Science is a core subject of the National Curriculum and pupils undertake some science activity every week at both key stages. The work covered in Key Stage 1 builds on the nationally recognised curriculum for pupils aged under five. Pupils in Reception develop their knowledge, understanding and skills through play activities and direct teaching from which the pupils undertake planned tasks.
Science is allocated ten per cent of the taught time at both key stages and this amounts to about 80 hours per year at Key Stage 1 and about 90 hours per year at Key Stage 2.
Planning takes into account that the school places a high emphasis on the development of pupils’ skills of scientific enquiry (Sc1). In the substantial majority of lessons the skills for Sc1 are taught alongside the knowledge and understanding in life processes and living things (Sc2), materials and their properties (Sc3) and physical processes (Sc4). In this way there is an equivalent emphasis on Sc1 as there is on Sc2/3/4 together.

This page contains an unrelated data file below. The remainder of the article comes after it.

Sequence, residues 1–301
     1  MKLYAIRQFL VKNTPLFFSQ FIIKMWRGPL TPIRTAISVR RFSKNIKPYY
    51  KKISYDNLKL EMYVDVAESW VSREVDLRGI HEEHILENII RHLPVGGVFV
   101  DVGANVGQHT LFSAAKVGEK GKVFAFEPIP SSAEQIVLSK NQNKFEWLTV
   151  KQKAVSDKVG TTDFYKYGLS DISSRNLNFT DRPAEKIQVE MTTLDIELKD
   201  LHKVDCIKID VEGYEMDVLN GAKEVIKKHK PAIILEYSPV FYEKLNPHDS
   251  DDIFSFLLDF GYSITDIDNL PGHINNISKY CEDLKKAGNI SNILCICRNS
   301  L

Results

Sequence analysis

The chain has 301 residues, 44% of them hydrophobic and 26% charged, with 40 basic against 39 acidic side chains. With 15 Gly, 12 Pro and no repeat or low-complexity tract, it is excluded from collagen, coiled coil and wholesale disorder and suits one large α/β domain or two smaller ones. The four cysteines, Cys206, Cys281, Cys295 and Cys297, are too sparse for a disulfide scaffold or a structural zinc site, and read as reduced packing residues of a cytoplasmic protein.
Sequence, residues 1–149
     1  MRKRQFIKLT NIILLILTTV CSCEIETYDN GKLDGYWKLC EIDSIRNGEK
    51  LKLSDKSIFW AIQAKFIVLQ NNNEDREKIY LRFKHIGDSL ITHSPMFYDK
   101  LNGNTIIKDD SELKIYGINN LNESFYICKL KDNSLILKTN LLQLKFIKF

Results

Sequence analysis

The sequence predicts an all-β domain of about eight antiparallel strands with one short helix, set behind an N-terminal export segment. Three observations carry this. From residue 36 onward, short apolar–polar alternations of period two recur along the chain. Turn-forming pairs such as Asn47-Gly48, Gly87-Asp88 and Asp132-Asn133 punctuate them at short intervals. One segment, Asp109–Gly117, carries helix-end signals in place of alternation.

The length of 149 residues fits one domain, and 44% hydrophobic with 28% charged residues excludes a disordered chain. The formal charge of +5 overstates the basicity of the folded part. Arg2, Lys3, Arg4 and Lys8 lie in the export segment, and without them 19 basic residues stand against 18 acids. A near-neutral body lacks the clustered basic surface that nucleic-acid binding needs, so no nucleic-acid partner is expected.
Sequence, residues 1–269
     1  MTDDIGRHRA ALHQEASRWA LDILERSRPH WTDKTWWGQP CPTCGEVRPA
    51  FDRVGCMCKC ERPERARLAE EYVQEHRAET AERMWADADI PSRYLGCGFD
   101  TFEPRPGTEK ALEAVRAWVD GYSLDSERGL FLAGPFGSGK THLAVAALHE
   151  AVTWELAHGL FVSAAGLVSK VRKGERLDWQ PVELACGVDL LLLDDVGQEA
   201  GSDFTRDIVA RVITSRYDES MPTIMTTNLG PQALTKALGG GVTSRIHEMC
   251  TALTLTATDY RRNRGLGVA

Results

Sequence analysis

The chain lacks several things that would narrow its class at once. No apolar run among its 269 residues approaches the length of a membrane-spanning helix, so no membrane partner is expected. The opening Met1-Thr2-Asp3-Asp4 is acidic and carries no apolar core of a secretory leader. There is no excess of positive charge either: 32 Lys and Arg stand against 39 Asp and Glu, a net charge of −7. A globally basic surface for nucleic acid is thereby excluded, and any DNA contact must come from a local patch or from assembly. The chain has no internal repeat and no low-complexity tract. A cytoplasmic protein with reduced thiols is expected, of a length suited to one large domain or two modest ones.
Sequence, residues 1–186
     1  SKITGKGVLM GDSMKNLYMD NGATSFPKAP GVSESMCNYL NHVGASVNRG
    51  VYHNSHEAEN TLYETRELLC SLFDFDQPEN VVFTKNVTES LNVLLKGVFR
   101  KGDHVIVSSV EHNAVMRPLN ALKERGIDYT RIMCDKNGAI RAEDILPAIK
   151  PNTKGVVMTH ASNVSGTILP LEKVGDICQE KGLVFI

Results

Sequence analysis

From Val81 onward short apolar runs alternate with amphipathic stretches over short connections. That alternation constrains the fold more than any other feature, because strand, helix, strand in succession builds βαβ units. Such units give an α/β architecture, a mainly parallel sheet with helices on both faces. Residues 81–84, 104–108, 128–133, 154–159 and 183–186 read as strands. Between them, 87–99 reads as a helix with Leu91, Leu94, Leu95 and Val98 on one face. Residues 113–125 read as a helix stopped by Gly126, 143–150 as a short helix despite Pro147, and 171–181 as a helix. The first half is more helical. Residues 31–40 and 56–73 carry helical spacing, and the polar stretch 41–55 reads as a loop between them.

At Key Stage 1
Pupils observe, explore and ask questions about living things, materials and physical phenomena. They begin to work together to collect evidence to help them answer questions and to link this to simple scientific ideas. They begin to evaluate evidence and consider whether tests or comparisons are fair. They use reference materials to find out more about scientific ideas. They share ideas and communicate them using scientific language, drawings, charts and tables with the help of ICT if it is appropriate.
At Key Stage 2
Pupils learn about a wider range of living things, materials and physical phenomena. They make links between ideas and explain things using simple models and theories. They apply their knowledge and understanding of scientific ideas to familiar phenomena, everyday things and their personal health. They think about the effects of scientific and technological developments on the environment and in other contexts. They carry out more systematic investigations, working on their own and with others. They use a range of reference sources in their work. They talk about their work and its significance, using a wide range of scientific language, conventional diagrams, charts, graphs and ICT to communicate their ideas.